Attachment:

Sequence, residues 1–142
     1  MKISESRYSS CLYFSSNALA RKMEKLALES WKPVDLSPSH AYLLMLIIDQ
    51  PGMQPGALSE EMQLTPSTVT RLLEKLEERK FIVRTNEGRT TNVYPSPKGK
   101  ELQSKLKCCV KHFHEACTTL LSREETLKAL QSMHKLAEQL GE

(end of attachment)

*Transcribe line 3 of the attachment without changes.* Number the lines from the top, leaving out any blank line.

    51  PGMQPGALSE EMQLTPSTVT RLLEKLEERK FIVRTNEGRT TNVYPSPKGK